‘In a rape, the rapists are on trial, not the raped’

ASHWINI A. writes from Bangalore: Early this morning, a Delhi-datelined news item in Deccan Herald made me pull my hair out in wonderment: the Supreme Court of India had ruled that nobody had the licence to rape a woman who appeared to be promiscuous in her sexual behaviour.

Yes, nobody has the licence to rape a woman who appears to be promiscuous in her sexual behaviour.

It might seem common sensical, but the beauty of common sense is that it is so uncommon, even in the rarified echelons of our higher judiciary.

When a 17-year-old girl was raped in Uttar Pradesh, the trial court had justly convicted her rapists. But the perpetrators went in appeal. Stunningly, the two men were let off by the Allahabad High Court on the grounds that the “girl was promiscuous in her sexual behaviour and had already lost her virginity”!

Basically the Allahabad HC ruling implied that a woman who was previously accustomed to sexual intercourse at the time of a rape cannot be believed when she screams rape.

In other words, only a virgin has a case against rape.


The insensivity and the sheer injustice in the HC ruling made me wonder if the case pertained to India or to one of our Islamic neighbours where such barbaric judgments are routinely pronounced.

Thankfully, the UP Government challenged the verdict and Supreme Court trashed the HC ruling and ordered it to rehear the case. But the mere fact that the victim could have undergone such a criminal miscarriage of justice in a high court, and on such grounds, beggars disbelief.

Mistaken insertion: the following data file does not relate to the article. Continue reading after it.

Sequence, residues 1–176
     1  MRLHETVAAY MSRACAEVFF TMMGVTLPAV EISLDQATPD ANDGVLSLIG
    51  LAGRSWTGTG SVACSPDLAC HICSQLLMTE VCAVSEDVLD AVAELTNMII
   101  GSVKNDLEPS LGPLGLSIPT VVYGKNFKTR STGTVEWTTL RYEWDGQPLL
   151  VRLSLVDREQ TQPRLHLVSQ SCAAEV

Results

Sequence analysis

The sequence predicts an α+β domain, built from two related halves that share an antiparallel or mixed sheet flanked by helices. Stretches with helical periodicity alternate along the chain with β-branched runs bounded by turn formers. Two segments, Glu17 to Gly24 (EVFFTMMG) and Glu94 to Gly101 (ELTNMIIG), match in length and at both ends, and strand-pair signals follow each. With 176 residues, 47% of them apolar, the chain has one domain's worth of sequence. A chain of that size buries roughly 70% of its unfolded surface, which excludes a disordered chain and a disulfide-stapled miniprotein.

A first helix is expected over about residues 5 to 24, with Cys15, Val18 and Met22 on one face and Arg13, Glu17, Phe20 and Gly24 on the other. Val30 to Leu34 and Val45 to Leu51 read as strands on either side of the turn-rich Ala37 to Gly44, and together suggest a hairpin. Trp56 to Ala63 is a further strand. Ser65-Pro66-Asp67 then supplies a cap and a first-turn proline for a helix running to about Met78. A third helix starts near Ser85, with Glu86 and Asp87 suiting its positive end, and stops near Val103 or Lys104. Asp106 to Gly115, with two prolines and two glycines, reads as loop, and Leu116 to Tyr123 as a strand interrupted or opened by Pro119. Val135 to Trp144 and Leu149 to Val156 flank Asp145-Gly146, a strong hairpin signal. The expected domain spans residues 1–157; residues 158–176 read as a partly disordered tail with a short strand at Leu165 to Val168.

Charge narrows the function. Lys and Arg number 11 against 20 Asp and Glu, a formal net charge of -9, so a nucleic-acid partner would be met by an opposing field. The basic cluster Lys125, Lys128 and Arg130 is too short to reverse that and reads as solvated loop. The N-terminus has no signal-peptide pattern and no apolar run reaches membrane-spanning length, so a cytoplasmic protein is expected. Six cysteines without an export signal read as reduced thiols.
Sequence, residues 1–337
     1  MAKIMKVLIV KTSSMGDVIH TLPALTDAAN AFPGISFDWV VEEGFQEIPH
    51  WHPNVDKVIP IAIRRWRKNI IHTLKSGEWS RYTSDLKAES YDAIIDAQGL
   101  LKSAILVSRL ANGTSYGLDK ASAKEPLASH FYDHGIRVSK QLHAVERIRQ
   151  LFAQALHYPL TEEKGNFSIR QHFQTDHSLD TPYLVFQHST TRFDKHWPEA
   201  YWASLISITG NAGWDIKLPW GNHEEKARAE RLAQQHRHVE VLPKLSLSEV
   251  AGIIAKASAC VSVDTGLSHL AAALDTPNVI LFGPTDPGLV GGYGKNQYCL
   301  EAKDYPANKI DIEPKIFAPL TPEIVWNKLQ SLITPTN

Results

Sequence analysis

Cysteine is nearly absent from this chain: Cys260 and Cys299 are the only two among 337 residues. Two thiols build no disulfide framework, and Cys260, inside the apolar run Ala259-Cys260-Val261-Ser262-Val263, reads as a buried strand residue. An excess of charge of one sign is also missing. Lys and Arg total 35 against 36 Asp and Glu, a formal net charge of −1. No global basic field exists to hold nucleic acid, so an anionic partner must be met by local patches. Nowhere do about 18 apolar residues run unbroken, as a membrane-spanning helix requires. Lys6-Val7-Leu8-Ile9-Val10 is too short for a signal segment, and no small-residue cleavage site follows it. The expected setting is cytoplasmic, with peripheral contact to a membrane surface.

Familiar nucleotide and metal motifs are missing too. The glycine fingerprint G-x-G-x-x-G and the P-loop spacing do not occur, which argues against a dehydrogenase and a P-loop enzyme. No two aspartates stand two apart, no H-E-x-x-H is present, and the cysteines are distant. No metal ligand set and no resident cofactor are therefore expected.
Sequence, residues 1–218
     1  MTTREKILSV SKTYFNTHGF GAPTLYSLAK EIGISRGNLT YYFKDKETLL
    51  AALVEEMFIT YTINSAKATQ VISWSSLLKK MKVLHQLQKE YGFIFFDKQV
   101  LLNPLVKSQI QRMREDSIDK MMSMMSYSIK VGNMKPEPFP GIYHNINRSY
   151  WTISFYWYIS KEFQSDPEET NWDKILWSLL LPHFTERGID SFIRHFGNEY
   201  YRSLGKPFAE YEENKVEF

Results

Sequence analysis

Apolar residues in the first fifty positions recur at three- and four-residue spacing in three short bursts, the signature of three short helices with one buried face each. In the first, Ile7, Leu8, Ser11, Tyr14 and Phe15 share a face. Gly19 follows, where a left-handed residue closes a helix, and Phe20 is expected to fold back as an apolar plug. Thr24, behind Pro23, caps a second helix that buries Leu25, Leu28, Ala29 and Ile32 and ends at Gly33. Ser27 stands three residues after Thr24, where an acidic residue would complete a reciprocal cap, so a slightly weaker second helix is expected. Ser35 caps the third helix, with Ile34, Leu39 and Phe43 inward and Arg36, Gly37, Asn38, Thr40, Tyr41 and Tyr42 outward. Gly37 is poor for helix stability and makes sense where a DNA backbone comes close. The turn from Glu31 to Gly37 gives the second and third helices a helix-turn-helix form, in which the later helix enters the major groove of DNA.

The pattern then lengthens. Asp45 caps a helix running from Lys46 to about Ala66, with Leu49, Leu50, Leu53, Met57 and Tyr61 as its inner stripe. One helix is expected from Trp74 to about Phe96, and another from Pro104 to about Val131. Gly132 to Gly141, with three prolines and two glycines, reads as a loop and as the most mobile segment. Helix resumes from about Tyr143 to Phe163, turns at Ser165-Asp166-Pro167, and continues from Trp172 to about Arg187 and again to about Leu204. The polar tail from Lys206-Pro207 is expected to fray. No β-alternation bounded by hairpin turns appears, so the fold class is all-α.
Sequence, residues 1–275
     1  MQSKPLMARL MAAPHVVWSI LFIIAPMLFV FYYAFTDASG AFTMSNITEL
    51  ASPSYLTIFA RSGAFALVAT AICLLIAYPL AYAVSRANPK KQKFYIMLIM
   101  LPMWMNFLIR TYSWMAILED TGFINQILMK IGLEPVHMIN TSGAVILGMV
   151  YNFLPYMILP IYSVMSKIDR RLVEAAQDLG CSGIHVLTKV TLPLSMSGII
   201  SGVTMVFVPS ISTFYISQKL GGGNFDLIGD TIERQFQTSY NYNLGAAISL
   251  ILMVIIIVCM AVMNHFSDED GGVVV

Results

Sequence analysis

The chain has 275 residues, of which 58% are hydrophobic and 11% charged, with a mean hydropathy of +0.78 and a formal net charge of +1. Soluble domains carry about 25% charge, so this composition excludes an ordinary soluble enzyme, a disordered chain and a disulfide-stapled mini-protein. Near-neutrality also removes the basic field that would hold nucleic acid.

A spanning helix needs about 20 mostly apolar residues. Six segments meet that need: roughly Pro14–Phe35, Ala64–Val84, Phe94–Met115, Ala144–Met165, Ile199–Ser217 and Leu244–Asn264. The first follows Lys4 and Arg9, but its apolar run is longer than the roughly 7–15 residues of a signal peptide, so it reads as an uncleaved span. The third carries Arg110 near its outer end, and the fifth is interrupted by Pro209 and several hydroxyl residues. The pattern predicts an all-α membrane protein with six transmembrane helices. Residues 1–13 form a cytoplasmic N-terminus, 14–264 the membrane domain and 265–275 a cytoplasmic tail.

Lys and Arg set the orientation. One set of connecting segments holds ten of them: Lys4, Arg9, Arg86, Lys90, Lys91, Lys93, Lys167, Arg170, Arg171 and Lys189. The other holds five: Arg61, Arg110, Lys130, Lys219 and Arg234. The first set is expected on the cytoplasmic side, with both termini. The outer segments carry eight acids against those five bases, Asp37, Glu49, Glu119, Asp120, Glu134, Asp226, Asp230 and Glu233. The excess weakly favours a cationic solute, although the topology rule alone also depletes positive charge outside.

Does it require the Supreme Court of India to remind the High Court in India’s largest State of the basic point in the case: that it is the rapists who were on trial, not the raped?

While we must be relieved by the rightful intervention of Justice Arijit Pasayat and Justice Mukundakam Sharma of the Supreme Court, the HC ruling raises a number of troubling questions that the judicial system must be made to answer:

# How did the High Court arrive at such a judgement in the first place?

# What if the UP government had not challenged the HC ruling in the SC?

# How can the HC judge/s in the case be made accountable for the astounding judgment?# How much faith can the people place in the judges given such an open-and-shut case?

# And is such “jungle law” a nation-wide phenomenon of which we hear little?

I am sure I speak for the women of the country, virgin and otherwise, when I say that basic human rights were raped by the Allahabad HC and those responsible for it, virgin or otherwise, must be brought to book.